Administrative divisions:
9 provinces (do, singular and plural) and 7 metropolitan cities (gwangyoksi, singular and plural)
provinces: Cheju-do, Cholla-bukto (North Cholla), Cholla-namdo (South Cholla), Ch'ungch'ong-bukto (North Ch'ungch'ong), Ch'ungch'ong-namdo (South Ch'ungch'ong), Kangwon-do, Kyonggi-do, Kyongsang-bukto (North Kyongsang), Kyongsang-namdo (South Kyongsang)
metropolitan cities: Inch'on-gwangyoksi, Kwangju-gwangyoksi, Pusan-gwangyoksi, Soul-t'ukpyolsi (Seoul), Taegu-gwangyoksi, Taejon-gwangyoksi, Ulsan-gwangyoksi
Independence:
15 August 1945 (from Japan)
National holiday:
Liberation Day, 15 August (1945)
Constitution:
17 July 1948; note - amended or rewritten many times; current constitution approved on 29 October 1987
Legal system:
combines elements of continental European civil law systems, Anglo-American law, and Chinese classical thought; has not accepted compulsory ICJ jurisdiction
Suffrage:
19 years of age; universal
Executive branch:
chief of state: President LEE Myung-bak (since 25 February 2008)
head of government: Prime Minister KIM Hwang-sik (since 1 October 2010)
cabinet: State Council appointed by the president on the prime minister's recommendation
(For more information visit the World Leaders website Opens in New Window)
elections: president elected by popular vote for a single five-year term; election last held on 19 December 2007 (next to be held in December 2012); prime minister appointed by president with consent of National Assembly
election results: LEE Myung-bak elected president on 19 December 2007; percent of vote - LEE Myung-bak (GNP) 48.7%; CHUNG Dong-young (UNDP) 26.1%); LEE Hoi-chang (independent) 15.1; others 10.1%
Legislative branch:
unicameral National Assembly or Kukhoe (299 seats; 245 members elected in single-seat constituencies, 54 elected by proportional representation; members serve four-year terms)
elections: last held on 9 April 2008 (next to be held in April 2012)
election results: percent of vote by party - NA; seats by party - GNP 172, UDP 83, LFP 20, PPA 8, DLP 5, RKP 1, independents 9
Judicial branch:
Supreme Court (justices appointed by the president with consent of National Assembly); Constitutional Court (justices appointed by the president based partly on nominations by National Assembly and Chief Justice of the court)
Political parties and leaders:
Democratic Party or DP [CHUNG Sye-kyun] (formerly the United Democratic Party or UDP); Democratic Labor Party or DLP [KANG Ki-kap]; Grand National Party or GNP [AHN Sang-soo]; Liberty Forward Party or LFP [LEE Hoi-chang]; New Progressive Party or NPP [ROH Hoe-chan]; Pro-Park Alliance or PPA [SUH Choung-won]; Renewal Korea Party or RKP [SONG Yong-o]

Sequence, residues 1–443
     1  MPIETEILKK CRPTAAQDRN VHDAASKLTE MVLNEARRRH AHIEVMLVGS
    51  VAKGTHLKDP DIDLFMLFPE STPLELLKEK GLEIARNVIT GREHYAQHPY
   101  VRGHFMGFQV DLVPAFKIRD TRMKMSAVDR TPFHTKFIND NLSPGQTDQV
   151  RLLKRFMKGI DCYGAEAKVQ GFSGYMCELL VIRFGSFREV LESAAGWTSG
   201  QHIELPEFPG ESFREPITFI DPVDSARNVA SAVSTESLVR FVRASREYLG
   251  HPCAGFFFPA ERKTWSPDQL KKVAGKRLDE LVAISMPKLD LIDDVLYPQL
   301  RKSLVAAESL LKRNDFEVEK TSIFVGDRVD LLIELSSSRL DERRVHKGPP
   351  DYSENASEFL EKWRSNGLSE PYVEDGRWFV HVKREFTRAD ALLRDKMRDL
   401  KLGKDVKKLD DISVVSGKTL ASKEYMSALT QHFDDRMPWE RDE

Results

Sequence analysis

Political pressure groups and leaders:
Federation of Korean Industries; Federation of Korean Trade Unions; Korean Confederation of Trade Unions; Korean National Council of Churches; Korean Traders Association; Korean Veterans' Association; National Council of Labor Unions; National Democratic Alliance of Korea; National Federation of Farmers' Associations; National Federation of Student Associations
International organization participation:
ADB, AfDB (nonregional member), APEC, ARF, ASEAN (dialogue partner), Australia Group, BIS, CD, CICA, CP, EAS, EBRD, FAO, FATF, G-20, IADB, IAEA, IBRD, ICAO, ICC, ICCt, ICRM, IDA, IEA, IFAD, IFC, IFRCS, IHO, ILO, IMF, IMO, IMSO, Interpol, IOC, IOM, IPU, ISO, ITSO, ITU, ITUC, LAIA (observer), MIGA, MINURSO, NEA, NSG, OAS (observer), OECD, OPCW, OSCE (partner), Paris Club (associate), PCA, PIF (partner), SAARC (observer), UN, UNAMID, UNCTAD, UNESCO, UNHCR, UNIDO, UNIFIL, UNMIL, UNMOGIP, UNOCI, UNWTO, UPU, WCO, WHO, WIPO, WMO, WTO, ZC
Diplomatic representation in the US:
chief of mission: Ambassador HAN Duck-soo
chancery: 2450 Massachusetts Avenue NW, Washington, DC 20008
telephone: [1] (202) 939-5600
FAX: [1] (202) 387-0205
consulate(s) general: Agana (Guam), Atlanta, Boston, Chicago, Honolulu, Houston, Los Angeles, New York, San Francisco, Seattle
Diplomatic representation from the US:
chief of mission: Ambassador Kathleen STEPHENS
embassy: 32 Sejongno, Jongno-gu, Seoul 110-710
mailing address: US Embassy Seoul, APO AP 96205-5550
telephone: [82] (2) 397-4114
FAX: [82] (2) 738-8845
Flag description:
white with a red (top) and blue yin-yang symbol in the center; there is a different black trigram from the ancient I Ching (Book of Changes) in each corner of the white field; the Korean national flag is called Taegukki; white is a traditional Korean color and represents peace and purity; the blue section represents the negative cosmic forces of the yin, while the red symbolizes the opposite positive forces of the yang; each trigram (kwae) denotes one of the four universal elements, which together express the principle of movement and harmony
National anthem:
name: "Aegukga" (Patriotic Song)
lyrics/music: YUN Ch'i-Ho or AN Ch'ang-Ho/AHN Eaktay
note: adopted 1948, well known by 1910; both North Korea and South Korea's anthems share the same name and have a vaguely similar melody but have different lyrics